The living quarters are on three floors and are thought to be the best example of a late Romanesque secular building north of the Alps that has been kept in good condition. The rich decoration of the “Festsaal,” or Festival Hall, is a show-stopper. The Festival Hall has great acoustics that were set up by Franz Liszt, who was the Director of Music of the Weimar Court Ensemble. The most interesting part of the walk, though, is Martin Luther’s small room.
Legend has it that Luther left the ink stain on the wall when he threw an inkwell at the devil. Visitors can walk around the grounds for free and look at the original castle buildings from the 1200s as well as the amazing views of the nearby countryside. Eagles, which are the sign of the Emperor, are painted on many buildings. There is also a museum on the spot that tells about more than 900 years of German history.
Throughout the year, there are many events at the castle, such as chamber music concerts, religious services in the castle church, Christmas concerts, and a medieval Christmas market. The Hunters’ Room is not only a part of the Eisenach Registry Office, but it is also a famous place for weddings and other events. After viewing the castle, the Wartburg Hotel is a great place to stay the night or eat at its elegant restaurant.
How to Go to Wartburg Castle
About 120 miles northeast of Frankfurt is the city of Eisenach. Wartburg Castle is easy to find because it stands tall over Wartburgallee Street in the south-west area of the city. Every day of the year, people can go to the house. Tickets for the tour cost 12 euros for adults, 8 euros for students, and 5 euros for children ages 6 to 14. People with a Thuringia Card and kids under 5 can visit for free. A historic drawbridge is the only way to get there.
- Drive to the castle of Wartburg. If you are coming by car, take the “Eisenach-Ost” turn off the A4 Autobahn. From there, follow the signs for Wartburg. Drive through the town on Wartburgallee, then turn off the B19 onto the twisting road that leads up to the castle. For 5 euros, you can park as much as you want.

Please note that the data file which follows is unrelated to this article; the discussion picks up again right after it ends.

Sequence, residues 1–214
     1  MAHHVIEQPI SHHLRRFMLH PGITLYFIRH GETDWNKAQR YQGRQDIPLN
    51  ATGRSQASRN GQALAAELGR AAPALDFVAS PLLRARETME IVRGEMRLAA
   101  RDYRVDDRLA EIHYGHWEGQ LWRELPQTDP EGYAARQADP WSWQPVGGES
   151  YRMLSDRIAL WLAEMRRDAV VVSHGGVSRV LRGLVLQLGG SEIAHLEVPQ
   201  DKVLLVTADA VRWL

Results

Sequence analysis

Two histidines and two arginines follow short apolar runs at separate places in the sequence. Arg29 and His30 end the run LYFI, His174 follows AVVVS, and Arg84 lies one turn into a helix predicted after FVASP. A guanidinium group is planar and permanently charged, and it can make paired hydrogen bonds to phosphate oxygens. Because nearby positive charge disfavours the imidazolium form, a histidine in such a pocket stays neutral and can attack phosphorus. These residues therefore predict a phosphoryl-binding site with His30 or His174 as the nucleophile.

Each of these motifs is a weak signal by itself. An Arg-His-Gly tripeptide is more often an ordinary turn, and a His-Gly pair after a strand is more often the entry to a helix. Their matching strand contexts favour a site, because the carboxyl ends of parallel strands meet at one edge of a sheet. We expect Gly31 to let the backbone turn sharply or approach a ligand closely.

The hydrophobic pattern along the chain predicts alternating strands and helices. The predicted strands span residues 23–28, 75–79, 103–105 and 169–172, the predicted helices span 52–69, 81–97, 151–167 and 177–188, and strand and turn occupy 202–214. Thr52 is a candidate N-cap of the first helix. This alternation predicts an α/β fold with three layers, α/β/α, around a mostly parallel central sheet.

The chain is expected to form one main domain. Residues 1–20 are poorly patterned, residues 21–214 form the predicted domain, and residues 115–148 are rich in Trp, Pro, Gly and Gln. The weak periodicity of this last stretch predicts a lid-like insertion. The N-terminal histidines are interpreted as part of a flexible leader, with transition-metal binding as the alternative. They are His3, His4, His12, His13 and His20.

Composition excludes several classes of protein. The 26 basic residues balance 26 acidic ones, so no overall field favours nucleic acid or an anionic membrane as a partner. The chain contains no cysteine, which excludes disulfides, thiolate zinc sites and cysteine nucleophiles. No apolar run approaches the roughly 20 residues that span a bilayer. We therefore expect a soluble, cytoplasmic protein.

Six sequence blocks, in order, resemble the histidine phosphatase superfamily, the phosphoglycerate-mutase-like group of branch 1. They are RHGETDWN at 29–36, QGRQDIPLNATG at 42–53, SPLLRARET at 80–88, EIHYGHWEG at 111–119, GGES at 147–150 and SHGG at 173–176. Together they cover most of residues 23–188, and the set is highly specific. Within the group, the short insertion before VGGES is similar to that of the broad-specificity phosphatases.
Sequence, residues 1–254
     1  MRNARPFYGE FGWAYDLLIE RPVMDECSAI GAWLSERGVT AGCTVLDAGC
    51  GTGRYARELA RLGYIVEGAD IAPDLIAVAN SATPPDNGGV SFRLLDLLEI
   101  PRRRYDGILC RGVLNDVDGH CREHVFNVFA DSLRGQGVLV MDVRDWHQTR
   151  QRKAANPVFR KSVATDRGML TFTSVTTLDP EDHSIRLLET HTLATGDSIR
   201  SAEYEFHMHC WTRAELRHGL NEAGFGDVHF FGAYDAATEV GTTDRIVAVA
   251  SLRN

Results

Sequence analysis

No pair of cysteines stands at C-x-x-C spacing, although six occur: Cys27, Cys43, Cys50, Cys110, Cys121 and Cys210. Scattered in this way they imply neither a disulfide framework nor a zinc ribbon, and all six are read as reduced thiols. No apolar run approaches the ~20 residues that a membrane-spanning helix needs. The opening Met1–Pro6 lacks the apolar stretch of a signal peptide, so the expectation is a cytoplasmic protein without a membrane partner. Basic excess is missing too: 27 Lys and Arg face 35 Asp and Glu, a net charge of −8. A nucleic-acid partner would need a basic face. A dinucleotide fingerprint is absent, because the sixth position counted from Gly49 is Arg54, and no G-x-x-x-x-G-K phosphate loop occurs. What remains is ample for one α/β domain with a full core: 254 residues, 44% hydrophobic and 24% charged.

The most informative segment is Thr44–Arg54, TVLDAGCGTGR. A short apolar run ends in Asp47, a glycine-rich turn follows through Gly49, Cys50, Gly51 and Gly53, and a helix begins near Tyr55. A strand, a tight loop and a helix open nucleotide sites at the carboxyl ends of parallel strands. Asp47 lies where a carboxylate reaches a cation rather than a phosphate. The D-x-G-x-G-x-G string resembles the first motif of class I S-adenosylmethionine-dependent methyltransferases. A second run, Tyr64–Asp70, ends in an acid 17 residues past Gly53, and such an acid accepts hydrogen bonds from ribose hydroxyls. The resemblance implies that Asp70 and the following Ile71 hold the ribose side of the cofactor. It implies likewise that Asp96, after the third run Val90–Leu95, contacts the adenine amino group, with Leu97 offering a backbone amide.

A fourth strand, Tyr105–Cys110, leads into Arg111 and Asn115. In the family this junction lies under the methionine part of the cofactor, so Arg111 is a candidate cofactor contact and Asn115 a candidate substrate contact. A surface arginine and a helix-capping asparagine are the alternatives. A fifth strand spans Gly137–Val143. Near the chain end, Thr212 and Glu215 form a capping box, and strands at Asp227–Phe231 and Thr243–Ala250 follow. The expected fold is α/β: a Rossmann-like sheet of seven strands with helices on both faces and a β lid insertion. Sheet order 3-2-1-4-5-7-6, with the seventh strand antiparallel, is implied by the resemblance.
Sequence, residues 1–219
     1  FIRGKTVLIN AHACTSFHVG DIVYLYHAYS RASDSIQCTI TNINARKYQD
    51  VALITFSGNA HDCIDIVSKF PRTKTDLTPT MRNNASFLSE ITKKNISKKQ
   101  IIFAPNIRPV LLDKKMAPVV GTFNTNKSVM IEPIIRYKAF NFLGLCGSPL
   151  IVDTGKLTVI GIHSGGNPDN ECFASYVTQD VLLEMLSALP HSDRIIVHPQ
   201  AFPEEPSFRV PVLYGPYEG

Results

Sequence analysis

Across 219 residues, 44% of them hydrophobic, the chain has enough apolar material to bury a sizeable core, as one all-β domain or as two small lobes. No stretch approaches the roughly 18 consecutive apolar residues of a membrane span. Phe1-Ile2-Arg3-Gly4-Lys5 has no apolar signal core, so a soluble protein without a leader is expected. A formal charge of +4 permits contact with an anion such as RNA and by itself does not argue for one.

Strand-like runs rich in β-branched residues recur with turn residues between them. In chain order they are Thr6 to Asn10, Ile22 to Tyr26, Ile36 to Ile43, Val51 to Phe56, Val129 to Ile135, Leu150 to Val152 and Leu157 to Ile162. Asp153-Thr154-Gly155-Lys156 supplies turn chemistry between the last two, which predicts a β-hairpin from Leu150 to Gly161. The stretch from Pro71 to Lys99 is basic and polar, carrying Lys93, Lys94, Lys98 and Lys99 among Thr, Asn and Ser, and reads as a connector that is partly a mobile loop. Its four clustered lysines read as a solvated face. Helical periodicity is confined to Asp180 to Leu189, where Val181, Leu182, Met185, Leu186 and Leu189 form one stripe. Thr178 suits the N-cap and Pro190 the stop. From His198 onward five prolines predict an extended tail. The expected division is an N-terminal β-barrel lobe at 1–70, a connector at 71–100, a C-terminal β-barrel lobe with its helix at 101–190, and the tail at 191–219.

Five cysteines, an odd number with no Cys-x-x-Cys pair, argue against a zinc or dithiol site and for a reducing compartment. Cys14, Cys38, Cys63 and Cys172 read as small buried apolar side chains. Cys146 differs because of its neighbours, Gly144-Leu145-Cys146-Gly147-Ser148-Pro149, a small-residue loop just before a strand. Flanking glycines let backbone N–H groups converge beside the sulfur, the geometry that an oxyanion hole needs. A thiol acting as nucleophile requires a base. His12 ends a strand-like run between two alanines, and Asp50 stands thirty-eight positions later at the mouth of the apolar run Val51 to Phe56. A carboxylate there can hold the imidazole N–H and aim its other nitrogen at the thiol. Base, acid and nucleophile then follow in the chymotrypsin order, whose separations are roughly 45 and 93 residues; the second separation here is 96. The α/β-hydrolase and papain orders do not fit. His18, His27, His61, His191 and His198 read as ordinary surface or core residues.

- Take the bus or train. People can get to Wartburg by taking Eisenach’s city bus number 3 or the Luthershuttle, which goes from the city center all the way up to the castle. The bus stops at the Hauptbahnhof, which is the main train station.
- Walk or bike. Wartburg is in Thuringia Forest, and there are many nice ways to get to the castle, like the Hercules-Wartburg Cycle Route and the Rennsteig track. The Luther Trail goes up Schlossberg Hill and ends at the Wartburg Castle donkey stop. This is the best choice. It takes about 35 to 45 minutes to walk there.
- Take a donkey ride. The children’s donkey ride is one of the most popular things to do at Wartburg Castle. During the summer, you can take the 20-minute ride, which starts near where you park.
Things to Do in the Area of Wartburg Castle Luther
Martin Luther’s museum is in Ltherhaus Eisenach, which is the oldest half-timbered house in Thuringia. Bachhaus Eisenach is also a great place for people who like Johann Sebastian Bach. It is a museum about the famous Eisenach musician. The Thüringer Wald, also called the Thuringian Forest, is one of the most popular places to visit in the area.
It has woods that look like they belong in a fairy tale, and great Germans like Bach and Fritz Reuter praised its beauty. People can hike through most of the park today. The Rennsteig trail, which goes back to the 9th century and used to separate the states of Thuringia and Franconia, is one of the most popular routes. Drachenschlucht, which means “Dragon Gorge,” is a dramatic and kid-friendly place to hike.